Forward Thinking Advice For Family Run Businesses

A private company limited by shares, being owned by a married couple and their son in equal shares was advised by Lanyon Bowdler on the adoption of its new articles of association.

The family originally sought legal advice due to the son’s failing marriage and their concerns as to what effect a potential divorce could have on the business. As the business was owned and managed entirely by the son and his parents they wanted to ensure its continuity as a family business.

The family were advised that the most likely outcome in the event of the son’s divorce (in this particular situation) would involve a court taking account of the value of his shares when making the ultimate financial award between the divorcing spouses. The other possible outcomes may have included the court ordering the transfer or issue of shares to the son’s wife. However, this was less likely as the business had always been a family business in which the wife had no involvement. Nonetheless, there was still a risk as the family court has the power to make such orders.

After receiving initial advice concerning the likely outcome of the son’s failing marriage, the family were advised of ways in which their ownership of the business could be better protected in future. Lanyon Bowdler recommended they adopt a new set of articles of association (the constitution and internal governing rules of the company) as the most appropriate method of cementing the company’s existing structure. The protections incorporated into the business's new articles of association included:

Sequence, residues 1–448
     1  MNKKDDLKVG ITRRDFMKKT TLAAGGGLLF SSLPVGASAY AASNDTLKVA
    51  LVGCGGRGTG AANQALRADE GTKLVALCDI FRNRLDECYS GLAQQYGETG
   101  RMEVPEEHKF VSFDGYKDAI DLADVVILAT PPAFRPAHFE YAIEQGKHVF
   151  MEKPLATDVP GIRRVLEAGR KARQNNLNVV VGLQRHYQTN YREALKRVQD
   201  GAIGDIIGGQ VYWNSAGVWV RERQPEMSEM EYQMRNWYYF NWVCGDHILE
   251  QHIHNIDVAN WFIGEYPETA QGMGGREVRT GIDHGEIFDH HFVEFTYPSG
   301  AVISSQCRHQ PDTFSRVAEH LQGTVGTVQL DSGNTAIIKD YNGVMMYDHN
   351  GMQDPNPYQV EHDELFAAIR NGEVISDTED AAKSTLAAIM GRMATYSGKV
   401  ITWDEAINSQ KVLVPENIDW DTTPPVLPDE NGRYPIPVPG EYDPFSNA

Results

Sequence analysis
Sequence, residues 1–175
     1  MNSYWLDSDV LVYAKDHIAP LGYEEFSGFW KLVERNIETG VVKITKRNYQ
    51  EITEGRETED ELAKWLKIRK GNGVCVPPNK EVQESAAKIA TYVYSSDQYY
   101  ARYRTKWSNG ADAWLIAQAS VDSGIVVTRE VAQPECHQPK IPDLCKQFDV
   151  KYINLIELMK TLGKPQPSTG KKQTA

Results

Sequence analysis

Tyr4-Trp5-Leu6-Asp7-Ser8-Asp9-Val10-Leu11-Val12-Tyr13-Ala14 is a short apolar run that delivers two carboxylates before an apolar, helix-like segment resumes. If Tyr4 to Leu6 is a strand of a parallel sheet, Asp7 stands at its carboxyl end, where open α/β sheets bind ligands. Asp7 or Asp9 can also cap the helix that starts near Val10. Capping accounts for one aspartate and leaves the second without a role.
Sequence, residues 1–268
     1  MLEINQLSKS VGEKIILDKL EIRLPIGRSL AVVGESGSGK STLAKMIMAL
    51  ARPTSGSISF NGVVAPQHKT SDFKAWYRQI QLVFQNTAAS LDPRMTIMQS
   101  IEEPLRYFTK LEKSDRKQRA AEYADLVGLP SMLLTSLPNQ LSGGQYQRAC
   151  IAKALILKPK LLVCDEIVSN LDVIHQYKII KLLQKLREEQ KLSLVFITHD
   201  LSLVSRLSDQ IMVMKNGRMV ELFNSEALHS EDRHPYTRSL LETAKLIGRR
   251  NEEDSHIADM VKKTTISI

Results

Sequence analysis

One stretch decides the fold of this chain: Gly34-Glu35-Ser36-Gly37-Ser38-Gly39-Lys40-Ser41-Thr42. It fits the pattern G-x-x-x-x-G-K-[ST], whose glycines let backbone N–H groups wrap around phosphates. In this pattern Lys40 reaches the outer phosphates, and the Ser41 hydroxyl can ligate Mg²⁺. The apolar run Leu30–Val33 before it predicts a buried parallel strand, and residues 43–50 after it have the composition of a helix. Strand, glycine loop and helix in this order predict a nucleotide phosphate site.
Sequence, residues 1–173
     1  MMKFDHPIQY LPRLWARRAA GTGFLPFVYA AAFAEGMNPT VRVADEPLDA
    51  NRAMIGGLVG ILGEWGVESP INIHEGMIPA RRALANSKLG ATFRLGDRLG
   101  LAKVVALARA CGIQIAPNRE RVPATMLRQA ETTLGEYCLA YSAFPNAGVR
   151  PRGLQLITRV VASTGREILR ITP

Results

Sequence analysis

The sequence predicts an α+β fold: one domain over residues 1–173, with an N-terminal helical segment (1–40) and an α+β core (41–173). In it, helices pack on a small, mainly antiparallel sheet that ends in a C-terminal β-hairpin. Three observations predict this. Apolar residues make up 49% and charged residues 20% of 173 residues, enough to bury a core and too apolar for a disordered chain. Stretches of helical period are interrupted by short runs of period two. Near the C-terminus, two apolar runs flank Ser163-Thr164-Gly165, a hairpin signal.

• only permitting share transfers in very limited circumstances after specific protocols had been followed (generally referred to as pre-emption rights). Pre-emption rights essentially give continuing shareholders the legal right to purchase a leaving shareholder’s shares before they may be offered for sale to third parties; and
  • the automatic transfer of shares to the other shareholders which would be triggered upon the occurrence of certain events, for example, the death or bankruptcy of a shareholder.

The above provisions are examples of how protections can be integrated into a company’s articles of association to prevent shares being transferred either intentionally or unintentionally to a third party, thereby diluting a family’s collective ownership.

It is worth noting that in most circumstances, shares in a company with standard model or Table A articles are freely transferrable. This is rarely advisable and can result in unwanted third parties, such as competitors or difficult investors, acquiring some ownership rights. If you would like advice about the amendment of your company’s articles of association please contact a member of the corporate and commercial team.